Proponents of public financing of elections should understand what it is and what it isn’t—it’s the isn’t that foreshadows the titanic fight ahead. By strictly limiting the size of donations and matching smaller ones, a campaign finance system like New York City’s incentivizes candidates to chase small donors. They are rewarded for begging for $10. This is the system’s greatest achievement and why, for all its flaws, it remains a national model.

Many of the well-meaning activist groups also believe such a system would diminish the influence of New York’s most powerful lobby, the real estate industry. We are in an unprecedented moment: An increasing number of mainstream New York Democrats are actively rejecting real estate money and speaking openly about the industry’s pernicious influence on our politics. Both City Council Speaker Corey Johnson, who will be a front-runner for mayor in two years, and State Senator Michael Gianaris, the number-two-ranked Democrat in the upper chamber, have publicly rejected real estate developer cash.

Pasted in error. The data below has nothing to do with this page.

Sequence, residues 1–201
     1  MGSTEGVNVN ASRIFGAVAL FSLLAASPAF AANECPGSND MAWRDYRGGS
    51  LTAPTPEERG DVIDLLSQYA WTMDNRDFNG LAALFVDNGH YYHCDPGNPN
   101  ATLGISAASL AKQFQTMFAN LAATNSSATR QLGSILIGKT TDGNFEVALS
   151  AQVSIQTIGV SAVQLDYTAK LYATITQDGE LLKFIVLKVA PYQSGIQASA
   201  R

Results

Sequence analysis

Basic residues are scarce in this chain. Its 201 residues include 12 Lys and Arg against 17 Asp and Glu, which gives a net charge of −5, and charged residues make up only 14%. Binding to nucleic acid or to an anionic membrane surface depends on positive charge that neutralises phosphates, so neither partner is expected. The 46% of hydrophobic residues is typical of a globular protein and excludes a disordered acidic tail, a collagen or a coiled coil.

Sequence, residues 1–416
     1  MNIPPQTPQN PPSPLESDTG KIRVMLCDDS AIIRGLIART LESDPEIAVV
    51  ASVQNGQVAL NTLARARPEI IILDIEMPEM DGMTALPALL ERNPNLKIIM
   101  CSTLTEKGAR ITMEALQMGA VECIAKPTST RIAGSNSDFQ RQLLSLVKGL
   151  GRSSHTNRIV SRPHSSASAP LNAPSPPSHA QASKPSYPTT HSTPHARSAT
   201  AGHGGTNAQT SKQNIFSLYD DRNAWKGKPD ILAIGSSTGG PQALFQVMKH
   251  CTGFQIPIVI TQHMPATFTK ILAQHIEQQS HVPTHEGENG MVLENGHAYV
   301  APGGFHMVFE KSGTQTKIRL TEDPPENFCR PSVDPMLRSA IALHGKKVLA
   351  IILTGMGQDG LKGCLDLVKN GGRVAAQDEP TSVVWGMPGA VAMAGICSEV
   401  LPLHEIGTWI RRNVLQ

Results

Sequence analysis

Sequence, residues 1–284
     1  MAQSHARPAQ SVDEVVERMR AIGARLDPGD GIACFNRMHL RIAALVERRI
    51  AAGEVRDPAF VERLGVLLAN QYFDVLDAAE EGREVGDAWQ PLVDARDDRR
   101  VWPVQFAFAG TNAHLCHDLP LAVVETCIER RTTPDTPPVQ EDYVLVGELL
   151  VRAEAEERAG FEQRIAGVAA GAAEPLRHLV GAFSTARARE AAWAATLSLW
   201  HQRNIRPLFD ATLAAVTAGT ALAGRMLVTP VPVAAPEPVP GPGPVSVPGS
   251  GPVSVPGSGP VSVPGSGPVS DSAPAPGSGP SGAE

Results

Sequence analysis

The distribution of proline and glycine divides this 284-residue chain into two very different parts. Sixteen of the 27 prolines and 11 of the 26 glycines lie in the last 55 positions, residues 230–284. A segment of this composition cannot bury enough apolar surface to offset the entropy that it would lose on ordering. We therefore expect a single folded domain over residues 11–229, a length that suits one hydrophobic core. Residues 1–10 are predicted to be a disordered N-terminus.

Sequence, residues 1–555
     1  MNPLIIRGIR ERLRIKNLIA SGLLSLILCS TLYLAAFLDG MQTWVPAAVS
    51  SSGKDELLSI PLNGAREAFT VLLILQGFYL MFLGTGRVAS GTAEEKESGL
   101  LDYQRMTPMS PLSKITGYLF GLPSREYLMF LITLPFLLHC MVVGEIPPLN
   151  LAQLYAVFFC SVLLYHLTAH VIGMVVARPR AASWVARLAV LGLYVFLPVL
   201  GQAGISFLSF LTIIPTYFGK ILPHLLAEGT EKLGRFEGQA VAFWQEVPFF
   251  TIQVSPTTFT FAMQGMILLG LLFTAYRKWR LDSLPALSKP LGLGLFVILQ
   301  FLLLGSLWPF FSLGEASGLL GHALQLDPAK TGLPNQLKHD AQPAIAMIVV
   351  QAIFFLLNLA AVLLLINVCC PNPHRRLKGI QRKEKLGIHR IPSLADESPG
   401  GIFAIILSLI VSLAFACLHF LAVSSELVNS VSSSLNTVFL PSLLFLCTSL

First, we should appreciate how radical a break this is from the recent past. Even self-identified progressive politicians, as recently as a few years ago, were begging for donations from the Real Estate Board of New York, the industry’s lobbying arm, and their wealthy members.

In 2013, de Blasio ran for mayor as a proud leftist while courting major developers like Bruce Ratner and Jed Walentas. This was notable, in retrospect, less for de Blasio’s hypocrisy than for how few voters and activists really cared. Any serious candidate for mayor was supposed to grovel to these people. That was the New York we knew.